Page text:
They have turned into such beautiful birds. Here they are looking out at the big world that will be theirs. They are now more than halfway to fledging.

16 March 2021. E17 (left) and E18 (right) looking out at the world of possibilities. @D Pritchett Eagle Cam

Little Legacy isn’t so little anymore either. She has overcome, on her own, Avian Pox which is fantastic. She will be immune for the rest of her life. The image below is from a week ago. Legacy still had soft down on her head but her feet were getting large and she had quite the full crop. There were jokes about her on the Internet as being a big ‘pudgy’. Oh, the benefits of being the only eaglet in the nest!

This is Legacy this morning on the nest with her mother, Gabby, waiting for a food delivery. The fluffy dandelions on the top of her head are almost all gone and now instead of grey down she is almost 3/4 covered with her juvenile plumage. They grow sooooooo fast and she is very beautiful. She copies her mother working on the nest, incubating and rolling ‘Eggie’ and will, one day add to the legacy of her grandparents, Romeo and Juliet.

16 March 2021. Legacy (left) and her mother Gabby. NEFL Eagle Nest, Jacksonville, FL. @AEF and NEFL Eagle Cam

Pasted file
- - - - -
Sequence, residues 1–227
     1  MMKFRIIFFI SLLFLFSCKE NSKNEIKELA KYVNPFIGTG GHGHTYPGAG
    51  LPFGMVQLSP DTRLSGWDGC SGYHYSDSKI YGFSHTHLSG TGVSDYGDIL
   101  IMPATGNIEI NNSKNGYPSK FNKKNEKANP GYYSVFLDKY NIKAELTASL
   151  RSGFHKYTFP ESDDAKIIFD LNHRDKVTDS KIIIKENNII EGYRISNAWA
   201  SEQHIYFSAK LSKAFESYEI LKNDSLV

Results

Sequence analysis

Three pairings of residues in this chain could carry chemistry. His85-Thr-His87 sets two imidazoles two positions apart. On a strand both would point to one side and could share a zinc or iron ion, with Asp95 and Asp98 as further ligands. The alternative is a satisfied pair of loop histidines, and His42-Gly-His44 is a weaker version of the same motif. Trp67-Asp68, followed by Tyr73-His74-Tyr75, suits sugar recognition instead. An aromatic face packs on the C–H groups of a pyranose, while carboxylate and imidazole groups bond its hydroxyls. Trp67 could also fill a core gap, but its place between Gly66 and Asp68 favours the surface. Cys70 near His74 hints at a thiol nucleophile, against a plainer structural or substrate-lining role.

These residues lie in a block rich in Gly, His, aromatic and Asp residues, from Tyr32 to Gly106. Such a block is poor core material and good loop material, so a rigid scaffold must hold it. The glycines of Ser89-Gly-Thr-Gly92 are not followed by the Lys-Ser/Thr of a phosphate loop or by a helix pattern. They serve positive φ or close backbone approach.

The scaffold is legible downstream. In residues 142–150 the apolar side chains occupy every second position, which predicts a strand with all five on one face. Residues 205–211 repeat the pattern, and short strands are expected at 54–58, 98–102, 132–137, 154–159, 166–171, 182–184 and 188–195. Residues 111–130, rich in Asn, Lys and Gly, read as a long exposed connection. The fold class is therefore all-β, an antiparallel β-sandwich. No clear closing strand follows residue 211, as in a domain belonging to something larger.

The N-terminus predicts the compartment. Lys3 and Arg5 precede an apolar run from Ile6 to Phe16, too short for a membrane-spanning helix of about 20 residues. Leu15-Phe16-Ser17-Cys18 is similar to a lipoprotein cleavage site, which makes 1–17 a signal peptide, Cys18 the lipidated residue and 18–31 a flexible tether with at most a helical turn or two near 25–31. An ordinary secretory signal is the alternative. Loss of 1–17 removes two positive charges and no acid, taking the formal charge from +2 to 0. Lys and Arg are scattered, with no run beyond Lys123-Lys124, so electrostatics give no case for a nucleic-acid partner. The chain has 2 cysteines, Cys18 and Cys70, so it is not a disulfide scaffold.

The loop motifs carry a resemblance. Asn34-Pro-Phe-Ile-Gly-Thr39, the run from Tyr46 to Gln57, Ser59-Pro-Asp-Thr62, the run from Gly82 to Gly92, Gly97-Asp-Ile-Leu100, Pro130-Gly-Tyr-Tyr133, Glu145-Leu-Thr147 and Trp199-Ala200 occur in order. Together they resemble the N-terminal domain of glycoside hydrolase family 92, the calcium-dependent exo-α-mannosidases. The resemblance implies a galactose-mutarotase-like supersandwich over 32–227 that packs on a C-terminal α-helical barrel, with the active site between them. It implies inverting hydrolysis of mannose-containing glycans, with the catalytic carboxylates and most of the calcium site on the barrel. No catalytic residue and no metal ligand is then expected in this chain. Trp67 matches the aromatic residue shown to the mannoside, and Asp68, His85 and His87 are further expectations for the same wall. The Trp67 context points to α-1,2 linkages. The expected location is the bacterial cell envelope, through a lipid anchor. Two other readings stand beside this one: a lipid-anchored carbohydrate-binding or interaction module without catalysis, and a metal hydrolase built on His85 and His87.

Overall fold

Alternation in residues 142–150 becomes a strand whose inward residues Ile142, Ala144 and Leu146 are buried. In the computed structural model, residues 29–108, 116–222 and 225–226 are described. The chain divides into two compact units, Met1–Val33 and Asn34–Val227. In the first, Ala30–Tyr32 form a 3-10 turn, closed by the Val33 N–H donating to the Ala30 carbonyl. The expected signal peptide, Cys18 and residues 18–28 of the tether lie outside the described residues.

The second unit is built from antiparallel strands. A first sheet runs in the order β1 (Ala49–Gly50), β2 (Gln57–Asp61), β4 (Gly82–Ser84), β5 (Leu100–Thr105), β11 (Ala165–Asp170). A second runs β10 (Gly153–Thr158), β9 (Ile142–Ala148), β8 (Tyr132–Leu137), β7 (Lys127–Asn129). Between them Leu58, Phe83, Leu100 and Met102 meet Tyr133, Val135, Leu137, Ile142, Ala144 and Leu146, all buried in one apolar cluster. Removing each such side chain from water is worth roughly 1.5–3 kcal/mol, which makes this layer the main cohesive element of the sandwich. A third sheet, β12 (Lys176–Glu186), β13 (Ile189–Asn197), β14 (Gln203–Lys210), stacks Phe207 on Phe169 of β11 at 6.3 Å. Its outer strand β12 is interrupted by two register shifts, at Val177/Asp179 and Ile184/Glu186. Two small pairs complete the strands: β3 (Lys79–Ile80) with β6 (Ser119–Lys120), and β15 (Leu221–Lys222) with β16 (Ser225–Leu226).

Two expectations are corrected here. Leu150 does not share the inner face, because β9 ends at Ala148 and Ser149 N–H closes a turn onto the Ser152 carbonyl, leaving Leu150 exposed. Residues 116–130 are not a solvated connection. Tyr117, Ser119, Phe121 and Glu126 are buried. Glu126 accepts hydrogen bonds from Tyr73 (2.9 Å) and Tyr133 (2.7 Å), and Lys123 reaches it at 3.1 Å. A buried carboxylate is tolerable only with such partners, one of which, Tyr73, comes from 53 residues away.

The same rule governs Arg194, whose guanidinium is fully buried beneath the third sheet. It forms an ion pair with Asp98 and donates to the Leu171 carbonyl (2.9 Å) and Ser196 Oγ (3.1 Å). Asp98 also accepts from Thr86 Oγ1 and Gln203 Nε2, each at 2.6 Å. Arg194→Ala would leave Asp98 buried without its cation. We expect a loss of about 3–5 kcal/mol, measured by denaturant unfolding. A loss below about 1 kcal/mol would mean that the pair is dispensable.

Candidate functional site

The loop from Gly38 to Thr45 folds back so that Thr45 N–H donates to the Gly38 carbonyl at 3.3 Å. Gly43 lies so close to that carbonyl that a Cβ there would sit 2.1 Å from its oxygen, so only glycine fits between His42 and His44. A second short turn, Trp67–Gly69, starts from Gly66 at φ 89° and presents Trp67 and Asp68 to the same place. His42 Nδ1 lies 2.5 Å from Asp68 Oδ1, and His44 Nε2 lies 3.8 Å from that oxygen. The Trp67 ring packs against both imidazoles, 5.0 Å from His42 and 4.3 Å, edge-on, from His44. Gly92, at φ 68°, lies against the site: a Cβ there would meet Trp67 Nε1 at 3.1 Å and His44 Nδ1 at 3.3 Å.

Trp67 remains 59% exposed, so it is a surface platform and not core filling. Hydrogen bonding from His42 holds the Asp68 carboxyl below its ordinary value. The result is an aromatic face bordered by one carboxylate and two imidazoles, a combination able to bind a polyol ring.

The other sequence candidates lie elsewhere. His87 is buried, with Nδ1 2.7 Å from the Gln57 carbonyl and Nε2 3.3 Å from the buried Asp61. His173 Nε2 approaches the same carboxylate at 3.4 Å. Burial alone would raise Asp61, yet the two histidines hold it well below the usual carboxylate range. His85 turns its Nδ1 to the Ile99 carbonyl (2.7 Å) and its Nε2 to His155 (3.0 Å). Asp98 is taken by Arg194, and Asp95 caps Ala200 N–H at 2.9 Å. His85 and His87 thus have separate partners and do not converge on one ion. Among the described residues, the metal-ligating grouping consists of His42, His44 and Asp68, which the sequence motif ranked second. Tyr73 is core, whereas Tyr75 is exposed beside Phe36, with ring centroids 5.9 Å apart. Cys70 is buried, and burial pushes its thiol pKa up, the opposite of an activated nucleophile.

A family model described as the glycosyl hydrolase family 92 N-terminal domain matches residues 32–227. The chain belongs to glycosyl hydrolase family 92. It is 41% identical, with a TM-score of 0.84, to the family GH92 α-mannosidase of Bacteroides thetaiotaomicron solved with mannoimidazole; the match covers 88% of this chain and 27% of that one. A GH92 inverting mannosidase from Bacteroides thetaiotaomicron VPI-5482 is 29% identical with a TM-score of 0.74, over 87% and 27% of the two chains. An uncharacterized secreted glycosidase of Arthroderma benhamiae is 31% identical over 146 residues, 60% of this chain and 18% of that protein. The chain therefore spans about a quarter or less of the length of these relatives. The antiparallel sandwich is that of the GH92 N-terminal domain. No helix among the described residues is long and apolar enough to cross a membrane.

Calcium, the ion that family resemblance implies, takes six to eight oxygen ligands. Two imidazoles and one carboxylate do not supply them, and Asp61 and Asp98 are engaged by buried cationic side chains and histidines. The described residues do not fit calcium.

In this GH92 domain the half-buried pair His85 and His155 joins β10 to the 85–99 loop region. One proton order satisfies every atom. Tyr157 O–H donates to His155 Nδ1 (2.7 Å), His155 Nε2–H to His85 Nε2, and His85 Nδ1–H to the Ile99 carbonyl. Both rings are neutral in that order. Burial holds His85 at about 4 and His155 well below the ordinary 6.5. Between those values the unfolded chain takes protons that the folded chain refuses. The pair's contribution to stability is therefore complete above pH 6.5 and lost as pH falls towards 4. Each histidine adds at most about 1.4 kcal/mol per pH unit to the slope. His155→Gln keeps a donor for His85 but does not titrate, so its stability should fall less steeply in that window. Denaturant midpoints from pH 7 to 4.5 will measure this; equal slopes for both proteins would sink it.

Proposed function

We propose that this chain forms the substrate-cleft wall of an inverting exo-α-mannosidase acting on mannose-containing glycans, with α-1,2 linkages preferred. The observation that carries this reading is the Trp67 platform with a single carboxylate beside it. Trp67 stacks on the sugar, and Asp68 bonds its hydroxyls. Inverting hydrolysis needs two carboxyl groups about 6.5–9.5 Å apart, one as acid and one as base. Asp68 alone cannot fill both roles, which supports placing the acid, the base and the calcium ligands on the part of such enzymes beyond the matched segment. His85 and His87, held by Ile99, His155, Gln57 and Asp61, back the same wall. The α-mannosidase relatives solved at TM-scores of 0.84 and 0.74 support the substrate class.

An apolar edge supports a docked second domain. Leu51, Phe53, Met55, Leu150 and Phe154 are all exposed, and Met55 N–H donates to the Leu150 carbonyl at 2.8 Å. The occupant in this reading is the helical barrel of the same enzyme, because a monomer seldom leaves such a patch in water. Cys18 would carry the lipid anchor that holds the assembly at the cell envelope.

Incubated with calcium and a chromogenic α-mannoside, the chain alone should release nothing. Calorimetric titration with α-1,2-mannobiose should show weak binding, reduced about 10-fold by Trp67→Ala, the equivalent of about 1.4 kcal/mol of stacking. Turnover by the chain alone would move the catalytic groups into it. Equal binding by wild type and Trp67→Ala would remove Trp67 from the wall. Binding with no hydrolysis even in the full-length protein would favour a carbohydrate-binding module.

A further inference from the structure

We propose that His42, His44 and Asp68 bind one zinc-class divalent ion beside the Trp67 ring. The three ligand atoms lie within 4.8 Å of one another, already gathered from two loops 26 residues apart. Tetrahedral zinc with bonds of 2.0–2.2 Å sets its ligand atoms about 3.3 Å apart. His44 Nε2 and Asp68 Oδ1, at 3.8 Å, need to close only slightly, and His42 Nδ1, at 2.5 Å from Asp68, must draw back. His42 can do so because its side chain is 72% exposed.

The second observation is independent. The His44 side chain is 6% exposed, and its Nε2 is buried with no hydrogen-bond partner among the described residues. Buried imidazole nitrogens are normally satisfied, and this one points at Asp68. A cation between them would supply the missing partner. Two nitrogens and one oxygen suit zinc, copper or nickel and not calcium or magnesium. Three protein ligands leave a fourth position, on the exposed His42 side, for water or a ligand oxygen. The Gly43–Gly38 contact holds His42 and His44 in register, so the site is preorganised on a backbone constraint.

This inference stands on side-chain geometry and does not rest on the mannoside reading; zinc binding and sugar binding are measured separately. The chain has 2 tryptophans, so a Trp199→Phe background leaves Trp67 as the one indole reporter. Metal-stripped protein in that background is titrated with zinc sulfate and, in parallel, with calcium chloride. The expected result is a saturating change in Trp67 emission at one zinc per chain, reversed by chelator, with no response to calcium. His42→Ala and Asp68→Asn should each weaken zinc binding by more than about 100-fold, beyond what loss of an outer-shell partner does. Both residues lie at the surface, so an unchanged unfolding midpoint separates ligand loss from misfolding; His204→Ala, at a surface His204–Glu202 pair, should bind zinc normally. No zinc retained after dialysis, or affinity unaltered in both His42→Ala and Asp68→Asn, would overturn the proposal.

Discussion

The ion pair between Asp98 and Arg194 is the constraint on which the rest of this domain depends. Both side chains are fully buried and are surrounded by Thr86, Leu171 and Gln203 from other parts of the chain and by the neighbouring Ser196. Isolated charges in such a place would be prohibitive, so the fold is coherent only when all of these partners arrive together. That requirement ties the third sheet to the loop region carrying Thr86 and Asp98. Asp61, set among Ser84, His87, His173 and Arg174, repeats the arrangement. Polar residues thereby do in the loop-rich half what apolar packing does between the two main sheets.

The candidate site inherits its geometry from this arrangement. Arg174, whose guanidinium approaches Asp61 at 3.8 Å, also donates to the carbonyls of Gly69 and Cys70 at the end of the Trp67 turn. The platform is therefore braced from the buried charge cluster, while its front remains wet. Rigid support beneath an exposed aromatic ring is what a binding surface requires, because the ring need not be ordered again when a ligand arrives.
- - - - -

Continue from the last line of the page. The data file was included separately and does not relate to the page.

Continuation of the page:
You might remember the female Bald Eagle encrusted in snow for most of the incubation period – that was the mom over at Duke Farms. Two of the three eggs hatched and those two are growing and growing. These kids have some very different meals than Legacy who eats mostly fish (a few mammals) and many times people are left guessing what the two had for dinner. Despite a lot of prey available, there is some concern for the second eaglet who is consistently pecked down by the older at feeding time. It is the reason that I cringe when I see three eggs. Sometimes two is more than enough – and there are definite advantages to being an ‘only’ eaglet or Osprey. Fingers crossed for this little one.

It is unclear to me what precipitates the feeling of food insecurity that results in siblicide. I have printed and read all of the academic material – it is sitting in front of me – and I am still baffled by which nests experience siblicide and which do not. Are there real predictors?

The little one at Duke Farms wanted to eat and the older one kept blocking it this morning.

Older one at Duke Farms pecking and deliberately keeping little one from eating. 16 March 2021. @Duke Farms Eagle Cam

So, the little one waited til the older one’s crop was ready to pop and finally got around to eat. Smart. Let us hope that this keeps up.

Yippee. Older going into a food coma. Little one eating. Well done. @Duke Farms Eagle Cam